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Blistering skin disorders: Clinical practice

Blistering skin disorders: Clinical practice


0 / 13 complete

USMLE® Step 2 style questions USMLE

13 questions

 A 16-year-old boy presents to the emergency department for evaluation of right middle finger pain. Several days ago, the patient noticed small fluid-filled sacs in the right middle finger, which progressed into painful lesions yesterday. His mother, who is accompanying him, states, “He has got a finger infection from chewing on his nails all day.” The patient is otherwise healthy and takes only a multivitamin daily. Temperature is 37.0°C (98.6°F), blood pressure is 115/73 mmHg, and pulse is 78/min. Physical examination is notable for the following finding:

Image reproduced from Wikimedia Commons

Which of the following is the most appropriate treatment for this patient’s clinical condition?  


Content Reviewers:

Rishi Desai, MD, MPH

Blistering skin disorders are characterized by the presence of blisters, which are bubbles that pop up when serum collects in pockets under the top layer of the skin.

Blisters occur as a result of a loss of adhesion between cells within the epidermis - called acantholysis; edema between epidermal cells - called spongiosis; and dissociation between the epidermis and dermis.

Blisters that form within the epidermis tend to be more fragile than subepidermal blisters.

Blisters that are smaller than 1 centimeter in diameter are called vesicles, while blisters that are larger than 1 centimeter in size are called bullae.

There are various causes for blistering disorders, including autoimmune disorders, drug reactions, infections, genetic disorders, and traumatic injury. These conditions range from benign to life-threatening conditions.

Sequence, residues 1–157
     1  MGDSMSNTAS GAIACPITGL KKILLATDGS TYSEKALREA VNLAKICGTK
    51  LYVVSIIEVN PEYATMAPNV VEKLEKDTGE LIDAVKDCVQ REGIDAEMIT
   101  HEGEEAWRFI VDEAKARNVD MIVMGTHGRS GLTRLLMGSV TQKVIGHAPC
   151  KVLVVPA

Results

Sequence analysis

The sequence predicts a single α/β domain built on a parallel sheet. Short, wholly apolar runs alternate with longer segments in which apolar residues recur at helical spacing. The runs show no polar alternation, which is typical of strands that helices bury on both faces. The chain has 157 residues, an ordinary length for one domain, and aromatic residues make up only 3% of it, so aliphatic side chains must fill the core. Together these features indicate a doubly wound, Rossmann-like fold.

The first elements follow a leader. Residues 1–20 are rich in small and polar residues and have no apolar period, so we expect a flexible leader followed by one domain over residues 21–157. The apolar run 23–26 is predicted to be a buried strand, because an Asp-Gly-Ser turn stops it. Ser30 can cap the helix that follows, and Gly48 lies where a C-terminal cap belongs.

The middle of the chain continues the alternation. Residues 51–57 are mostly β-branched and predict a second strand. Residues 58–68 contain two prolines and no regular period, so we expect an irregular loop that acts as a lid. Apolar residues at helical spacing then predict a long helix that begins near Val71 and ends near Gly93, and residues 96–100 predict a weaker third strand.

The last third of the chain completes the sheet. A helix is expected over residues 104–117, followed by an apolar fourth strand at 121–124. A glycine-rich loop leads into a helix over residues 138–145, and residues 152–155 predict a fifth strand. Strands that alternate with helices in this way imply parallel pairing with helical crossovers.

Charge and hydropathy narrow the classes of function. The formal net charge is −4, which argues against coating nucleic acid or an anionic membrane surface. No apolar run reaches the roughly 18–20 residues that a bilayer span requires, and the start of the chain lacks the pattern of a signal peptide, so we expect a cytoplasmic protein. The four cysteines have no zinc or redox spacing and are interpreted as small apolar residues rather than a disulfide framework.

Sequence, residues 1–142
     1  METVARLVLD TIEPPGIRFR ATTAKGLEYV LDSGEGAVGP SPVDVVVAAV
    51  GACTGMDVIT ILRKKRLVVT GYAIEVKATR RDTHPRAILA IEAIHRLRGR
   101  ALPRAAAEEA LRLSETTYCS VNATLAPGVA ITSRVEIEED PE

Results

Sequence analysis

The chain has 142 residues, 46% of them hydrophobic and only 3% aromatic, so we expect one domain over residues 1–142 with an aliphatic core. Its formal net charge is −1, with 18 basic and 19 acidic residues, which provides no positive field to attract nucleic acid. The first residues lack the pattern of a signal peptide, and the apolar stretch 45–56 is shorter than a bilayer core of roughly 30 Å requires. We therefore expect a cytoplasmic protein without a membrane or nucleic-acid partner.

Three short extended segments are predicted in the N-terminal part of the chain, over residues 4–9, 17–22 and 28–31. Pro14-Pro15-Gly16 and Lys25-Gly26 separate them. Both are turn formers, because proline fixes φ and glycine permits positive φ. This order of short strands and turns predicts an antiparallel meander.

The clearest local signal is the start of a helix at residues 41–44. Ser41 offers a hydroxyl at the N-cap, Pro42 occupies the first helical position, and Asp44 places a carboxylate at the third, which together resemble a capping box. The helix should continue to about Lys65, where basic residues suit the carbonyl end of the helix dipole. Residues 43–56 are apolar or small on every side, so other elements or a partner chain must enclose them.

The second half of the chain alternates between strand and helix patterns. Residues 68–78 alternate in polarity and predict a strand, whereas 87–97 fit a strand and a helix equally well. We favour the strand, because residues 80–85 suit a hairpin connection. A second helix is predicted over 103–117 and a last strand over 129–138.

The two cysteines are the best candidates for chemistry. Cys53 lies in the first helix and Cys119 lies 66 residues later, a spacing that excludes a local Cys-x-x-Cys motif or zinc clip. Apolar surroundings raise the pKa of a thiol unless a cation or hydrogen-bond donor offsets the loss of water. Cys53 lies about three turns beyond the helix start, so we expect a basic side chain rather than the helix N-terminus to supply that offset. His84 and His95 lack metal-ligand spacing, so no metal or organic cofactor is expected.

Life-threatening cutaneous blistering disorders include toxic epidermal necrolysis, staphylococcal scalded skin syndrome, disseminated herpes simplex virus infection, and disseminated herpes zoster.

Broadly speaking, blistering skin disorders may be divided into generalized or localized disorders.

Among generalized blisters, some cause systemic illness, whereas others don’t. Generalized blistering disorders that are not usually associated with systemic illness include miliaria crystallina, bullous impetigo, linear IgA bullous dermatosis, epidermolysis bullosa, pemphigus, pemphigoid, and dermatitis herpetiformis.

Miliaria crystallina typically results in multiple tiny vesicles on the face and trunk, due to obstruction of eccrine sweat gland ducts in the setting of excessive warmth.

Usually, the rash of miliaria resolves on its own, the key is to avoid overheating the body by wearing lighter clothing, staying hydrated, and keeping a cool environment, for instance by using air conditioner. A soothing ointment like calamine lotion can also help.

Bullous impetigo is caused by Staphylococcus aureus, which produces exfoliative toxins that cleave adhesions between the epidermis and dermis, leading to the formation of bullae.

The cleavage plane is either subcorneal or within the upper stratum granulosum.

The bullae rupture easily, leave erosions.

The most frequent areas involved are the face, trunk, perineum, and extremities.

Since Staphylococcus aureus are found on the skin and can be spread among family members, prevention is targeted towards preventing transfer from person to person.

Bullous impetigo can be treated with oral antibiotics like cephalexin, and if it doesn’t improve it could indicate that it’s due to a MRSA infection, which may require vancomycin or clindamycin.